My Big American Family

Nearly everyone in America has an immigration story to share. Our voices are louder when we speak together, so please share your stories and highlight the work that’s being done in your communities. Together we can achieve commonsense immigration reform.

My Big American Family

Ms. Chen is pictured with her father. (Personal Chen Family Photo)

May (mei) means America (mei-guo) in Mandarin. My grandfather gave me this name because I was the first in my family to be born in America. My parents both came to the United States as students, my father from China and my mother from Hong Kong. My father arrived in America in 1939 as a 19 year old. His hard work started from day one, first as a college student, then as he worked various jobs to get by, including working for the U.S. Army during World War II.

As a child, I grew up in a suburb of Boston in a community populated with very few Asians. Our family was one of just a few Asian families in our neighborhood. Once my father and his brother were able to sponsor their siblings from Hong Kong and China, who had been separated from each other for decades, we were finally able to enjoy family gatherings with aunts, uncles and cousins. Holidays were no longer just our immediate family and we could enjoy our Asian American Thanksgiving of turkey, along with Chinese sticky rice stuffing and side dishes, with our big American family. Together, we were able to embrace the best of both worlds.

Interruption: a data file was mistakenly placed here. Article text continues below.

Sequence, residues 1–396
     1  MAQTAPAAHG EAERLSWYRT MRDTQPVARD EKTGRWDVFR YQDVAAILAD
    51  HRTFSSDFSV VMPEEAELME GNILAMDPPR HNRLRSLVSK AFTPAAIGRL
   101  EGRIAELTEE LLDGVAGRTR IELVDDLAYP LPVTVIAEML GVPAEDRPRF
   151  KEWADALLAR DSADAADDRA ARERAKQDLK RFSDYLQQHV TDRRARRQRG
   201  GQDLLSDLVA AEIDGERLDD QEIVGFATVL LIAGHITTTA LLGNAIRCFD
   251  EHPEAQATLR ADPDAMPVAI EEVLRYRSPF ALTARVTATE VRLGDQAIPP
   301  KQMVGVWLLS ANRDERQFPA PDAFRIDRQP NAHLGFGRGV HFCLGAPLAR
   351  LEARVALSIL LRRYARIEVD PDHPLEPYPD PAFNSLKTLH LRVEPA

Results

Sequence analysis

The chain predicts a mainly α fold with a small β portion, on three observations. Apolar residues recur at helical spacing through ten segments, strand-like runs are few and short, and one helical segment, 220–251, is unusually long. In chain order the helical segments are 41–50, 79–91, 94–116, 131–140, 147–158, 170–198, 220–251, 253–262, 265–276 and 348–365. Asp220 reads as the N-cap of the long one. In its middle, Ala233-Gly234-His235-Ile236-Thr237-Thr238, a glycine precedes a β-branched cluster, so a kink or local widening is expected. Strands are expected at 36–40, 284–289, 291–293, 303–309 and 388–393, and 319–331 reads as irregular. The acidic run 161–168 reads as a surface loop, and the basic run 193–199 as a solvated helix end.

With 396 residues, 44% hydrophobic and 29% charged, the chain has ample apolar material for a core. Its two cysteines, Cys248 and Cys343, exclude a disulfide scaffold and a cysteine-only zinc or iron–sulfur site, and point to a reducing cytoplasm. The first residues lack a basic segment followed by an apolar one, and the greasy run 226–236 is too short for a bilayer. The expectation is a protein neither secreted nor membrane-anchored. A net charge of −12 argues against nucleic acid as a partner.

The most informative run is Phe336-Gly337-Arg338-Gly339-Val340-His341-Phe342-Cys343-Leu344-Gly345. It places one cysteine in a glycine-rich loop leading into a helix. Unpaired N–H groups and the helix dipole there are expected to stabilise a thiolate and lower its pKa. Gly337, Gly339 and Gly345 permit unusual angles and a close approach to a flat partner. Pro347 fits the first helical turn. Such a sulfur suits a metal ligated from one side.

I became passionate about immigration policy through helping thousands of immigrants in the International Ladies’ Garment Workers’ Union (ILGWU) apply for citizenship, family petitions, and legalization through the 1986 legislation.  Immigration laws and history have a deep impact on our families and communities. The path to citizenship and the broad inclusion of families were deeply personal and important in my life.  My hope is that one day, current and future generations of immigrants can enjoy the rights and benefits of family reunification that my family was able to experience, as they strive for their own American dreams and American families.

May Y. Chen is a member of the President’s Advisory Commission on Asian Americans and Pacific Islanders. Ms. Chen is also an adjunct professor at the City University of New York.

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